|The horses are free ranging much of the year.|
Handing Brent his tape measure, he carefully makes measure of the horses hoof. With single sections of un-cut steel he cuts the exact length needed to construct the shoes for his horse; the same way that it has been done for hundreds, if not thousands of years. Heat rolling out of the propane forge ready to heat the cut down sections of steel for shaping.
Throwing all of your gear for the trip into a pile like an intricate puzzle, Brent DuBois our skillful outfitter and Fred Canning, his right hand man, carefully pieced everything together into perfectly weighed out packs that get loaded and balanced onto one of the good pack horses or mule.
Little Stinker hadn’t been rode in almost a year as Brent’s father Bill had grown tired of his mule-isms and traded him in to ride a horse. Without reservation, I outfitted Stinker with my personal “fancy” saddle complete with silver and gold inlays, saddle bag filled with my video camera, laptop computer, handheld camera, Swarovski binoculars, and rifle with Swarovski Z3 scope. Little Stinker became a $12,000 mule in a hurry.
|Heading up the trail, it looks as if you are riding into the sky.|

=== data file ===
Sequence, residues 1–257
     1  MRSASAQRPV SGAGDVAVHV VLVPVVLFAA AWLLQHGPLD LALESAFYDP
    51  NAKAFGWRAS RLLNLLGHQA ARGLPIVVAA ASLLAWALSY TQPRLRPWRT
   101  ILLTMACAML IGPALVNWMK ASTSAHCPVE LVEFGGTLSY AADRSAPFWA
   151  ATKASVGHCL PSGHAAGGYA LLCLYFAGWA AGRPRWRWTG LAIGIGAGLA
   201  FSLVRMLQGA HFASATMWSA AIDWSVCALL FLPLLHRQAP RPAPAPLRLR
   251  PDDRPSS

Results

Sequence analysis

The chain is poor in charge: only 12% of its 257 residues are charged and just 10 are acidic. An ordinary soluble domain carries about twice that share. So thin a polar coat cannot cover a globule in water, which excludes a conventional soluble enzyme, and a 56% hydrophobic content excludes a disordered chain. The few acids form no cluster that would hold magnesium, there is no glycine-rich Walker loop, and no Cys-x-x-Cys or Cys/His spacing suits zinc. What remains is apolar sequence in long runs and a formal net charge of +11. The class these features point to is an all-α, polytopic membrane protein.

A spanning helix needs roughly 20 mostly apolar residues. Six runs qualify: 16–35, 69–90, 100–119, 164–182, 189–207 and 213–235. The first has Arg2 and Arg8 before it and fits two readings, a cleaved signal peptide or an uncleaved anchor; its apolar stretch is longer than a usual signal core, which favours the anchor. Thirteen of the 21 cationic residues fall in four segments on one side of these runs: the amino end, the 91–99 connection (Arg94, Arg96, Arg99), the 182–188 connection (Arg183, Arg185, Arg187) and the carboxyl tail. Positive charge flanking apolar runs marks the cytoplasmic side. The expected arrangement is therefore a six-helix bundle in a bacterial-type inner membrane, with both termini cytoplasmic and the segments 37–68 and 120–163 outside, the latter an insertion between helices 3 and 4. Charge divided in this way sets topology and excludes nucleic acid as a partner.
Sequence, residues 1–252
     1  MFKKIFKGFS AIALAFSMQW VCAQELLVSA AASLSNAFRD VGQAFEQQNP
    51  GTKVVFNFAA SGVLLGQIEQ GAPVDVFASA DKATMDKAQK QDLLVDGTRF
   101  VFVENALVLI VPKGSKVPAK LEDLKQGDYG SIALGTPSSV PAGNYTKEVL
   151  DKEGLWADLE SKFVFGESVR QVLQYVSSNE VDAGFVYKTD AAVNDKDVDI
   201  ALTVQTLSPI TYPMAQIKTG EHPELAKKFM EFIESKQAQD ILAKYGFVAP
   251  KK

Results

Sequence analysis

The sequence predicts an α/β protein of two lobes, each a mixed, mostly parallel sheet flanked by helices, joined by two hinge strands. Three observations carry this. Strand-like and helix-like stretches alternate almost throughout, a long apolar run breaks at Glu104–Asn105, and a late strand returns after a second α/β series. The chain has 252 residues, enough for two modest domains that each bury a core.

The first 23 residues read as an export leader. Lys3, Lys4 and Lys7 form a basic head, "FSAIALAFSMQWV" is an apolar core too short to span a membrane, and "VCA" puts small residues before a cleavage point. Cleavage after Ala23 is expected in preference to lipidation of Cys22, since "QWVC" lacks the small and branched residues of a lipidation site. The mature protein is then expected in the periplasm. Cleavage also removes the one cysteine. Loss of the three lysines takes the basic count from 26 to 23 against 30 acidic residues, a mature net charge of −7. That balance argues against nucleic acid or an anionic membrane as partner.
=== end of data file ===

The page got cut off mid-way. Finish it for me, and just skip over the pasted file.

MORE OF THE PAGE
Seven hours later, we arrived at The “Big Cabin” that was built in 1993 by the DuBois family. Everyone contributed to the construction with Brent’s mother Georgina designing the cabin, Brent and his father Bill salvaging the logs from original 1948 cabin to build the guest bunk house and hand scribing the logs for the construction of the main cabin.
The cabin walls come to life with murals of dates and names of past guests along with short stories of their successes; a section of tree that was found nearby that was carved by a settler over 100 years ago, a broken panyard from a mule wreck and other miscellaneous items that all tell an intricate tale. The main cabin is complete with the modern delights of a refrigerator and propane lights, the guest house boasted the makings for a good hot shower.